Fleet Management

Finding the optimum size for your lift truck fleet

The last two years of economic upheaval have taken their toll on almost every industry. This means changing lift truck fleet sizes, either reducing them if business is declining or circumstances change, or ramping them in response to increased activity. The key is to adjust risk and financial exposure to reflect the reality.

Dealers have to be flexible with financing and fleet management and come up with creative solutions for their customers. This means dealers are learning more about their customers’ businesses and creating partnerships instead of just being suppliers.

Finance flexibility

The financial downturn has seen problems for companies at all points along the supply chain and materials handling operators are no different. Tjeerd Koppenol, Sales Manager Key Accounts for Crepa in the Benelux region, admits that at the moment everyone has too many trucks and dealers are having to compromise.

“A lot of customers are consolidating sites and this can lead to twenty to thirty per cent of their trucks lying idle,” he said. “But the customers may not want to lose the trucks so we have to be flexible. We look at freezing the maintenance payments, if the trucks are not being used, and sometimes freezing the finance payments. Then we extend the lease for the same number of months.”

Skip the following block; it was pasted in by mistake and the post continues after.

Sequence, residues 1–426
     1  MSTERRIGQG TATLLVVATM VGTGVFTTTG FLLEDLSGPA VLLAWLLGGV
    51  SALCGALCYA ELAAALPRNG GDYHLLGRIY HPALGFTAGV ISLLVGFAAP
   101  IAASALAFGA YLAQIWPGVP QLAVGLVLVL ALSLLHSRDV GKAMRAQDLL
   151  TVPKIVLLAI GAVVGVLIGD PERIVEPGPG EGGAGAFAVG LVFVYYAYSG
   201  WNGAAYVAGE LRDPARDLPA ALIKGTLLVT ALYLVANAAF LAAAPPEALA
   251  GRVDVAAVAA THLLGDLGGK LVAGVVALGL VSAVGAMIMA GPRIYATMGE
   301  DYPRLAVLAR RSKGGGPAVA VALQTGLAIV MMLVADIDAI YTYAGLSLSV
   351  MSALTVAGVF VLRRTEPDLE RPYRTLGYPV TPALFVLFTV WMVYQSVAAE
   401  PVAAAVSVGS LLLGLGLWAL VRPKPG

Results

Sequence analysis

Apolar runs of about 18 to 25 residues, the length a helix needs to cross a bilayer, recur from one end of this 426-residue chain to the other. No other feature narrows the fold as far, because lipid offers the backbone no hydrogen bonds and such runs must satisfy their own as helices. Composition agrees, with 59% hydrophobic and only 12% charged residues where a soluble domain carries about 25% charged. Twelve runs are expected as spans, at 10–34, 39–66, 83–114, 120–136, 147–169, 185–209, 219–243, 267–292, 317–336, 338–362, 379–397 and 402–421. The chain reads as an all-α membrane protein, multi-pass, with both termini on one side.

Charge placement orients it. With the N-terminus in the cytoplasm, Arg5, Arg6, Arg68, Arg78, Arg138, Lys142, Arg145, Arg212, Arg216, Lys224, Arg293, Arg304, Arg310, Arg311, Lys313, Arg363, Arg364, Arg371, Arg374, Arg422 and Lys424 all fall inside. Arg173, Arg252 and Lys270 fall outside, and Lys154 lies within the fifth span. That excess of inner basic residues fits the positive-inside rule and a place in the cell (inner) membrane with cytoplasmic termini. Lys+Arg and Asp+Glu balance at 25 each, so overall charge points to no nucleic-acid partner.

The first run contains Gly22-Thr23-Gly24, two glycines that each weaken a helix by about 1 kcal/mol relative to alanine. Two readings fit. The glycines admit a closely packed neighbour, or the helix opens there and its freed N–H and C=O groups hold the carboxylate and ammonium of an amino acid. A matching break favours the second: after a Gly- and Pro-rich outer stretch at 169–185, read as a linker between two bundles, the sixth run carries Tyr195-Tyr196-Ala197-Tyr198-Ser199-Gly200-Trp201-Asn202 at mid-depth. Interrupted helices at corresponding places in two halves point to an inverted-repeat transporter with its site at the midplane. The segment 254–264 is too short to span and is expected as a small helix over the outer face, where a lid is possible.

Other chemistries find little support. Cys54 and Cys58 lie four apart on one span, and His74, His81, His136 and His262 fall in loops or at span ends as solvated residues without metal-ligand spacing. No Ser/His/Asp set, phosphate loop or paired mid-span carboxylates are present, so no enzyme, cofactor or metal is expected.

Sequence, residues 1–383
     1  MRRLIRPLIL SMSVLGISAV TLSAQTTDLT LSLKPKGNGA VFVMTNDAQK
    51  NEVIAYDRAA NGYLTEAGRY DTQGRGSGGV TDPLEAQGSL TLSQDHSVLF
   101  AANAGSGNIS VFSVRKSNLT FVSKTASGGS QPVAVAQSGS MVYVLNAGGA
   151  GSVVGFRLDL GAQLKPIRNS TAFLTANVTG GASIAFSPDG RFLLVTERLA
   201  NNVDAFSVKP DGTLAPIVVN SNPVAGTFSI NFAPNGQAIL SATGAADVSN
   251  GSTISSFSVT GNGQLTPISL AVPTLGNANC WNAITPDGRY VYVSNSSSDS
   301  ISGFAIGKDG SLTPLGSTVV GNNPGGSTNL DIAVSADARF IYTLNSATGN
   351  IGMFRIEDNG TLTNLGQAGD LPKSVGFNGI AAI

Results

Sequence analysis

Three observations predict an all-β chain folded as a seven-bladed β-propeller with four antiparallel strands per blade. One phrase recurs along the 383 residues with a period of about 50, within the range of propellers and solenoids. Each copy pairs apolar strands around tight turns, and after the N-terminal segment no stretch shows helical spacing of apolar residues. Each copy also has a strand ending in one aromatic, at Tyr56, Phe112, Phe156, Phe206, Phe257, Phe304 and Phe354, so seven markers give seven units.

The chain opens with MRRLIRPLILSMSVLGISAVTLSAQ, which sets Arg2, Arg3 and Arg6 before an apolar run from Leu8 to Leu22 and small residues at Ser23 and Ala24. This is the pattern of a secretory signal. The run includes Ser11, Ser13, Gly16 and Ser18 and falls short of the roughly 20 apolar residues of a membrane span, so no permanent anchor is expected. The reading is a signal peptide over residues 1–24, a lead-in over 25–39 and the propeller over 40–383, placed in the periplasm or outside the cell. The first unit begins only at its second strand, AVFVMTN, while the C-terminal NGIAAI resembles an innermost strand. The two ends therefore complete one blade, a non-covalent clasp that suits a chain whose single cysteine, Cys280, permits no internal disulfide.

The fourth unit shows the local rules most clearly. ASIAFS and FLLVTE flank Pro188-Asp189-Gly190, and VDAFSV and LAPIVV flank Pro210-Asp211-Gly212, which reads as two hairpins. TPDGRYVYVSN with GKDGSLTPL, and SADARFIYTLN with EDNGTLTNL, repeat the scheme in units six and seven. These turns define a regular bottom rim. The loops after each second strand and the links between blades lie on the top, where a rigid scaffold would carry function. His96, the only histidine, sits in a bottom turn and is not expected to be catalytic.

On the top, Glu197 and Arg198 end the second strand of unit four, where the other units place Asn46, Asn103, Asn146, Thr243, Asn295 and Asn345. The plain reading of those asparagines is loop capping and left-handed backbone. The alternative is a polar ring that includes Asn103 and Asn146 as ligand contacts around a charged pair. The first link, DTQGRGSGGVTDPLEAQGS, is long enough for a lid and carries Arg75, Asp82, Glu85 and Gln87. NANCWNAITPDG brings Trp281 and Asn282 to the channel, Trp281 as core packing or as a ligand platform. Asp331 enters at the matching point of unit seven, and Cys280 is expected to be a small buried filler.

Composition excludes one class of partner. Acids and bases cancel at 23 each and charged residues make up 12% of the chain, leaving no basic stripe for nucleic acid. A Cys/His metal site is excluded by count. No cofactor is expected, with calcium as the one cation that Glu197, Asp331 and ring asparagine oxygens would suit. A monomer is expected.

In France, Pierre Culot, the Major Accounts Manager of Aprolis, says that his company’s approach has a slightly different emphasis: ”We do have short term rentals of less than a year but it is more often more two years. It’s more a case of having to be flexible,” he said. Meeting customer needs is paramount, whatever the solution, and flexible response is key.


Auditing a client’s operation allows Sales staff to combine the best trucks with the operation

Of course short-term hire comes at a price. So although the customer is exposing themselves to lower risk – avoiding longterm commitment to an unwanted truck and associated costs – an individual truck on a short-term agreement may actually cost more per month. However, the fleet may be smaller and it is possible to hand the vehicle back, without penalty, so the overall package is more responsive in uncertain times.

Complete financial control

In the United Kingdom Paul Fox, National Sales Manager for Impact Handling, pointed out that as they underwrite their own fi nance they have complete flexibility. “Customer’s requirements are changing constantly so we need to be able to be flexible within the contract,” he said. “We can do a short term rental if customers are worried about the fi nancial risk but we have to charge more for that. We’d prefer to negotiate longer term contracts but with flexibility built in to protect the customer.”

“Meeting customer needs is paramount, whatever the solution, and flexible response is key.”